We have excess energy available through the glucose in our blood and the glycogen stores in our muscles that our body will use before reaching into our fat stores. In ketogenic diets, carbohydrates are purposefully limited in order to cause the body to access a different type of fuel, ketones, created from fats rather than glycogen.
Diabetes and the complex relationship between glucose and insulin
The hormone insulin, produced in the pancreas, helps regulate the amount of glucose in the blood. When high concentrations of glucose are present, the pancreas increases the production of insulin which “tells” the body to store the excess glucose as glycogen or fat. A person with diabetes is unable to produce insulin (type 1 diabetes) or experiences resistance to insulin (type 2 diabetes), causing this conversion to occur irregularly.
People with diabetes need to continually monitor their blood sugar (the amount of glucose in the blood) and keep it in a healthy range. If a person with diabetes eats foods high on the glycemic index, blood sugar will rise and put them in danger of experiencing hyperglycemia, blood sugar levels that are too high. Since excess glucose isn’t being managed as efficiently in people with diabetes, blood sugar could also drop too low, a condition called hypoglycemia.
As glucose in the blood drops, the body starts to use fat for energy, a process called ketosis. Since the body’s glucose regulator, insulin, is less effective or not being produced, a person with diabetes is likely to reach this point sooner than a person without diabetes. If this occurs too quickly a person could experience diabetic ketoacidosis, a potentially lethal condition which requires immediate medical attention.
To complicate the picture further, insulin resistance may also contribute to an increase in the conversion of glucose to fat. This would lead to an increase in obesity for people with type 2 diabetes. Research suggests that fat cells are not just passive storage receptacles, rather, they produce hormones like other organs in the endocrine system. So, a person with type 2 diabetes is not only more likely to be obese, but the excess adipose tissue may contribute to additional insulin resistance as well.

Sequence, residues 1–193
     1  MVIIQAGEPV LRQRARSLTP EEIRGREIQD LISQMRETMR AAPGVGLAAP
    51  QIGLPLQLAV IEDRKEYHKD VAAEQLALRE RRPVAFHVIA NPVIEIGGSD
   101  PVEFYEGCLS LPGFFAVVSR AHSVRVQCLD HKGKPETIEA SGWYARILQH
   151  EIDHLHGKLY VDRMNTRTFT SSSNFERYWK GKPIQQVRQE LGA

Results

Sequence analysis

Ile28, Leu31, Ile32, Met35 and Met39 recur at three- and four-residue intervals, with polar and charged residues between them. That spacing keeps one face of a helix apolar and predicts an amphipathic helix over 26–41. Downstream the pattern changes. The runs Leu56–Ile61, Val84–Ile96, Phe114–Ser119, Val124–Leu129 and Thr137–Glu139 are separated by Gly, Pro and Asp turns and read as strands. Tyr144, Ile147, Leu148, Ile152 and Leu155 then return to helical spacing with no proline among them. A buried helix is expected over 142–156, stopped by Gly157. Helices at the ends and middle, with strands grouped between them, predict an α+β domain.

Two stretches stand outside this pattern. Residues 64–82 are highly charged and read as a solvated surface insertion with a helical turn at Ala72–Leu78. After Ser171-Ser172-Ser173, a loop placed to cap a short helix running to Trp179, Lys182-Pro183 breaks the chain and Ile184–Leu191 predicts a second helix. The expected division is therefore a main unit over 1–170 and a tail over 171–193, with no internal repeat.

Long-term health depends on a healthy diet
While cutting back on desserts might be a good step in the process of improving your diet, the truth is, unfortunately, more complicated. We need to consider a food’s glycemic index and how that affects the rest of your dietary habits. What’s more, you have to make sure you’re getting all the appropriate nutrients from your diet as well.
It’s easy to slip into less-than-healthy habits, especially as our lives get busy. Getting back on track might feel overwhelming given how many different diet options are available. Thankfully, you don’t have to figure it all out on your own.
With lab testing from Dr. Inman, you’re able to take a deeper look at your genetic makeup. With those details, you’ll get a better idea about conditions you’re more likely to face and can determine if there are steps you can take to avoid them.
If you have a family history of diabetes or a personal history of gestational diabetes, obesity, or hypoglycemia, then the testing can confirm if there are related conditions you may experience. Whether you pursue testing or not, annual check-ups and monitoring are important if you or family members have a history of these conditions.
Dr. Inman’s nutritional counseling focuses on helping you reach your health goals at a pace that works for you. She’ll help you make changes that will help you feel better, sooner. Her experience helps her understand which changes will have the biggest impact in the short-term.
As you start seeing improvements, you’ll gain confidence and be able to take the steps toward a healthy life you can maintain over the long-term. Book a nutritional counseling appointment today and work with Dr. Inman toward your happiest, healthiest life!